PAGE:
Associate Professor of History and Jewish Studies
Survival on the Periphery: Polish Jews in the Soviet Union during World War II
Poland was once home to the largest Jewish community in the world. Only ten percent of the over three million Polish Jews survived the Second World War. Of those, most survived not in ghettos, camps, or hiding, but in the unoccupied regions of the Soviet Union. These Polish Jews fled the Nazi invasion in 1939, only to face deportation to the Gulag. Even after they were amnestied as a result of the war reaching the USSR in 1941, they had to contend with hunger, overcrowding, and disease in Central Asia before their 1946 repatriation. Their story of exile and struggle in the far reaches of the Soviet Union, however, has received neither popular nor scholarly attention. By stepping across a newly established border in 1939, they essentially stepped outside of history’s purview.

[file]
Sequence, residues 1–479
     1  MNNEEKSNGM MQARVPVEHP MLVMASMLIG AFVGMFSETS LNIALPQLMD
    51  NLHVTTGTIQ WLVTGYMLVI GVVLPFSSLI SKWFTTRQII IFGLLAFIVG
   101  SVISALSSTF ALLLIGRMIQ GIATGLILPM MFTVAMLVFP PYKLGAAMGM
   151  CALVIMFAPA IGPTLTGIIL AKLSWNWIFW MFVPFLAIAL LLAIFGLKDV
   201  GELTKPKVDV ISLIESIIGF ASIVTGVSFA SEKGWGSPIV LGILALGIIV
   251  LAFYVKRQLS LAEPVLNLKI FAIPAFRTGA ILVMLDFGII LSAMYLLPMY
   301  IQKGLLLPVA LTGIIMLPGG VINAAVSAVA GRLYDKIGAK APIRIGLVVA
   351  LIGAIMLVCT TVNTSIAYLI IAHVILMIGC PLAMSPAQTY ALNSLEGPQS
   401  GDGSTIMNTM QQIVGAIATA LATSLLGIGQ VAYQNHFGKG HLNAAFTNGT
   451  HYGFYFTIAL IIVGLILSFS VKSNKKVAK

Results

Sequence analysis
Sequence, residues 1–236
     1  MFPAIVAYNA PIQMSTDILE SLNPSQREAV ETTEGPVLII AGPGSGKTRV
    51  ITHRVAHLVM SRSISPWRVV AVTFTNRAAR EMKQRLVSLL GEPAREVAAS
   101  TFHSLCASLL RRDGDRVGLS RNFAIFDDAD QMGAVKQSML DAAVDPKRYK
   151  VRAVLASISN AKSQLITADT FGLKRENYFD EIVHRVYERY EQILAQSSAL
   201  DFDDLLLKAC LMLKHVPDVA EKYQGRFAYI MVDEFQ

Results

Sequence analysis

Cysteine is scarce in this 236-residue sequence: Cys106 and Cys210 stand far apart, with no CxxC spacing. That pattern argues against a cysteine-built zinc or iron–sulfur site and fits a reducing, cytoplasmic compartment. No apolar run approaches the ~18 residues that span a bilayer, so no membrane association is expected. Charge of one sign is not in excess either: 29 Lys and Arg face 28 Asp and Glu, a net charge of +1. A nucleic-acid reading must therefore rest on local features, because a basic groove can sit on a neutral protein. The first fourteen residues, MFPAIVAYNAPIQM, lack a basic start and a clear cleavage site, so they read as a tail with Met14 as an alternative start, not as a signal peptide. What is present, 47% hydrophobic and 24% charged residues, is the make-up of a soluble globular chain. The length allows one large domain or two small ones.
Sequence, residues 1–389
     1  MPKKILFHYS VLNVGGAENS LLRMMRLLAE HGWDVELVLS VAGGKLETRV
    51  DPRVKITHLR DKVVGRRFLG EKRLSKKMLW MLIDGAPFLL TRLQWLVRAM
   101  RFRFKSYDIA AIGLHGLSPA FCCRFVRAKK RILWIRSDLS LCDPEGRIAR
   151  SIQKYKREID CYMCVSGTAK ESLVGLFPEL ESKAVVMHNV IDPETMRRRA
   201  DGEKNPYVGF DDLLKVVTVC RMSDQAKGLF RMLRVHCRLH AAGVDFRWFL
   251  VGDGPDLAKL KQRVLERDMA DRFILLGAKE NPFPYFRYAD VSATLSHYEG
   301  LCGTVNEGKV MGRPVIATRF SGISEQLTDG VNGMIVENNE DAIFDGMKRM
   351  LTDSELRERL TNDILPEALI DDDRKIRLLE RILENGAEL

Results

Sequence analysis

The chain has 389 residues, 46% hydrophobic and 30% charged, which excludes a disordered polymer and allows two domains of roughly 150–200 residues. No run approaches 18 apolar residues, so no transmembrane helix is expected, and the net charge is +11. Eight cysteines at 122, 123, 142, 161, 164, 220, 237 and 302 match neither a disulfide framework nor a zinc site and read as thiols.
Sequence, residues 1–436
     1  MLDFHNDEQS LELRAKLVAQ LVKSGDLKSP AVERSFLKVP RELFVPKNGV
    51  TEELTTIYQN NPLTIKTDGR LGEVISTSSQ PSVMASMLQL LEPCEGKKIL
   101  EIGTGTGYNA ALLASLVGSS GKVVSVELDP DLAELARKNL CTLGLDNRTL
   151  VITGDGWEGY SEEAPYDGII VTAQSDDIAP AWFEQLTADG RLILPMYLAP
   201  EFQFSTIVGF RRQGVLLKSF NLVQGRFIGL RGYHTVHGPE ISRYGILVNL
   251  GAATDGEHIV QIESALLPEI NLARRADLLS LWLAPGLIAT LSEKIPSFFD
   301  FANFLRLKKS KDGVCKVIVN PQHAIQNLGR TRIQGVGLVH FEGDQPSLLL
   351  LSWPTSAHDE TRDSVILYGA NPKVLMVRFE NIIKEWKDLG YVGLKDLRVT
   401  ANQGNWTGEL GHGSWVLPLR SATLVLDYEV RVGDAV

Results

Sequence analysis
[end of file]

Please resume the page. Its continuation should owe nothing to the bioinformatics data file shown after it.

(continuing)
The aim of this project is to recover and reclaim this alterative story of World War Two and the Holocaust. Over the past several years I have collected documentary and testimonial sources from Poland, Israel, Russia, Ukraine and the Kazakhstan. I look forward to using my time at the Humanities Institute to make progress on my book manuscript.